9. Is social commitment something shirked (New Age) or positively sought after (Christian)?
“Much in New Age is unashamedly self-promotion . . . . The fusion of individuals into the cosmic self, the relativisation or abolition of difference and opposition in a cosmic harmony, is unacceptable to Christianity.”
Christians, on the other hand, believe that “where there is true love, there has to be a different other (person),” the Council explains. “A genuine Christian searches for unity in the capacity and freedom of the other to say ‘yes’ or ‘no’ to the gift of love. Union is seen in Christianity as communion; unity as community.”
10. Is our future in the stars (New Age) or do we help construct it (Christian)?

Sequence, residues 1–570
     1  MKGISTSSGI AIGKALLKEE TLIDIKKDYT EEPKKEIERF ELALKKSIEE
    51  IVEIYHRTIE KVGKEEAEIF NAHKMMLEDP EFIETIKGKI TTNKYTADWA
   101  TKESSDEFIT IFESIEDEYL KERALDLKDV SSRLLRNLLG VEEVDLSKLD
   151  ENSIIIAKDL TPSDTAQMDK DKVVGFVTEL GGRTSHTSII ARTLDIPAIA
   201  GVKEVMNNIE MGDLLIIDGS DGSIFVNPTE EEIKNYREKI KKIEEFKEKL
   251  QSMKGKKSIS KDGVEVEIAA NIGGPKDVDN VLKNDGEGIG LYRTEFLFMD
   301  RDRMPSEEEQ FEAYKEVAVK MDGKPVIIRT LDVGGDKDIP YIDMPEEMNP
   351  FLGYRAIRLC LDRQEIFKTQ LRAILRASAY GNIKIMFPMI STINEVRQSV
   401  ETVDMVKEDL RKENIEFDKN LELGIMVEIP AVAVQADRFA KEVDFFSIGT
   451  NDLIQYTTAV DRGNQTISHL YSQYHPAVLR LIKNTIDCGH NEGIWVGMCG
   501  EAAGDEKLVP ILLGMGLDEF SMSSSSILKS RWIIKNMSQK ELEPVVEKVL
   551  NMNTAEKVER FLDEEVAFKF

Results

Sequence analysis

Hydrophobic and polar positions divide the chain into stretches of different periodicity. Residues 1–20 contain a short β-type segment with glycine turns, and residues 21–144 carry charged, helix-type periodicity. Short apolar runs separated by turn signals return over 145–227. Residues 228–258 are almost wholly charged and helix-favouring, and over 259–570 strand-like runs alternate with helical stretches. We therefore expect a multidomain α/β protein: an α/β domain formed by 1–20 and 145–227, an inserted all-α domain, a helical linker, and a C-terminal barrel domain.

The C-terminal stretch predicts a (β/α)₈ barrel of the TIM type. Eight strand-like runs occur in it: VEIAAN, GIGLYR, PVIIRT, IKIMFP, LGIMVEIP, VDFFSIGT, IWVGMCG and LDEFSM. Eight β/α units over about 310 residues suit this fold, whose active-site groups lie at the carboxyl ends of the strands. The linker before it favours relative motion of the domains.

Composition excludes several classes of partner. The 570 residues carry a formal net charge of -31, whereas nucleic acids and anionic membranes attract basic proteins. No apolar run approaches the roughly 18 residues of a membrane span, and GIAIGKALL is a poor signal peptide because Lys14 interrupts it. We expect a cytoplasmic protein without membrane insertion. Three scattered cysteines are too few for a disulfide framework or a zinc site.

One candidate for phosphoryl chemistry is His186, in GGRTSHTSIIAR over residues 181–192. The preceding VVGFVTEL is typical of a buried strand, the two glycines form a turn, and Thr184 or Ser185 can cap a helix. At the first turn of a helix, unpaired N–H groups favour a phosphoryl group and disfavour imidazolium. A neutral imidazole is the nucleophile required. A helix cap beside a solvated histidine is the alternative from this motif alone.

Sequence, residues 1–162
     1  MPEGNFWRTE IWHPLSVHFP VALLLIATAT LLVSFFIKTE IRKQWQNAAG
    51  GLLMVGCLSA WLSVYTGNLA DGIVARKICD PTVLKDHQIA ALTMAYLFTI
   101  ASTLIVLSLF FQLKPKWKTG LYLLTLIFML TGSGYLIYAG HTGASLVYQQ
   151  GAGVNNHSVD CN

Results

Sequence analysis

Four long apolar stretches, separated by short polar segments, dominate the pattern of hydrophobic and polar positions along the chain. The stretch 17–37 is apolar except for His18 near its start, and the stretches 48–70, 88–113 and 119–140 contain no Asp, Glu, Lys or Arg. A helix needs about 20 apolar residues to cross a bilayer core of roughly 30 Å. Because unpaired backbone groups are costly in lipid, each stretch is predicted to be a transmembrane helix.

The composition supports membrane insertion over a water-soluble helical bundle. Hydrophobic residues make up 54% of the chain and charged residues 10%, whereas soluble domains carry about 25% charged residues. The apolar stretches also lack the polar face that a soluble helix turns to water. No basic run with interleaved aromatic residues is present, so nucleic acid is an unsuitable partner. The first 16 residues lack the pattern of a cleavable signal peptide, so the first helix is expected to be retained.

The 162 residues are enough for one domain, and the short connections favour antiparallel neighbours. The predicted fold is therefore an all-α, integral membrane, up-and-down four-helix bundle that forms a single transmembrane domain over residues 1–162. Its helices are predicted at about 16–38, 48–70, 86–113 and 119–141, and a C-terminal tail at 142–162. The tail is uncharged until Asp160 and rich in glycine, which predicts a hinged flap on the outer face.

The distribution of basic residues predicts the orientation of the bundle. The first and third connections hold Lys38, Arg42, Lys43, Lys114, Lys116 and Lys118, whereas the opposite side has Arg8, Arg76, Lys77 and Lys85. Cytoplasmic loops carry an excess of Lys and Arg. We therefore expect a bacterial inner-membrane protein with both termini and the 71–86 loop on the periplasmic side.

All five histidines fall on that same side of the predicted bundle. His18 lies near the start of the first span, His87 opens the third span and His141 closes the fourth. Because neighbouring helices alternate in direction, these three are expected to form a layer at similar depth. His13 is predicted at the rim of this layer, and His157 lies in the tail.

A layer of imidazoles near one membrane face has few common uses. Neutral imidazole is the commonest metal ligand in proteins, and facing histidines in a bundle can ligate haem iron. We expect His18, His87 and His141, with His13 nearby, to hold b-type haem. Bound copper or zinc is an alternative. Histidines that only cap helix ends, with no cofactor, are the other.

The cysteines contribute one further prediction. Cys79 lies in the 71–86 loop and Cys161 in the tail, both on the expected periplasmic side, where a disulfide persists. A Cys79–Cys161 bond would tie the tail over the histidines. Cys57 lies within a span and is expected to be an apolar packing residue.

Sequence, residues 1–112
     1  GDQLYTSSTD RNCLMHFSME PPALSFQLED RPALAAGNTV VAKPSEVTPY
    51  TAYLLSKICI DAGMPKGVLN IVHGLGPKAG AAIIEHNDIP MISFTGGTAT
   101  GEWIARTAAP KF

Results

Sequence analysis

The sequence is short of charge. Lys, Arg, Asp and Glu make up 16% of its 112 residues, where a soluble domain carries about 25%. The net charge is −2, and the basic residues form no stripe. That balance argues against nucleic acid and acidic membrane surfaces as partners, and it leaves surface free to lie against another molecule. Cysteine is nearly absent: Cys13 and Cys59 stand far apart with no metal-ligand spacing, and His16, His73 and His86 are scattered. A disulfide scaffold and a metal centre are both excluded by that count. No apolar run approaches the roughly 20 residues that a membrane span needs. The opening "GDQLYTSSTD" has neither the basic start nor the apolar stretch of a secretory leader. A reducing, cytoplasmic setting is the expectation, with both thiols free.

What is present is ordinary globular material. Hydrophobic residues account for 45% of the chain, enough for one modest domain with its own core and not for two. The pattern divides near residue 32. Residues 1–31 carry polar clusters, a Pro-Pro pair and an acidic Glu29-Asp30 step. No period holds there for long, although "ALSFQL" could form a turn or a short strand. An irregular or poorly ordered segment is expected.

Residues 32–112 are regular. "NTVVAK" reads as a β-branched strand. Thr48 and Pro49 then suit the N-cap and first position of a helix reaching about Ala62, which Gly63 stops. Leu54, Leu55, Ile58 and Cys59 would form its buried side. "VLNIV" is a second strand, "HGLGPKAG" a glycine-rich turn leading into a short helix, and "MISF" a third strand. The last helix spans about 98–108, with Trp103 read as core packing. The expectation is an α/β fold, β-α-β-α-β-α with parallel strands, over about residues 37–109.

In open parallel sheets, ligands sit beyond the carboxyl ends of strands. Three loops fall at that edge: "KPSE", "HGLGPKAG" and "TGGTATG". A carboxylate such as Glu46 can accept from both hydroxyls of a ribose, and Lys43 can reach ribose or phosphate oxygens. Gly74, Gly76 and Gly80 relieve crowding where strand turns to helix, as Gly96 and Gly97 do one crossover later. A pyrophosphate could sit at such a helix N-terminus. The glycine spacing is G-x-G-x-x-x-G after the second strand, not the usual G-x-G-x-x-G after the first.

A fundamental New Age belief is based on the idea of an imminent astrological Age of Aquarius, which will end the period of the last 2000 years, known as the Age of Pisces – which is referred to as the Christian age. “The New Age which is dawning will be peopled by perfect, androgynous beings that are totally in command of the cosmic laws of nature. In this scenario, Christianity has to be eliminated and give way to a global religion and a new world order.”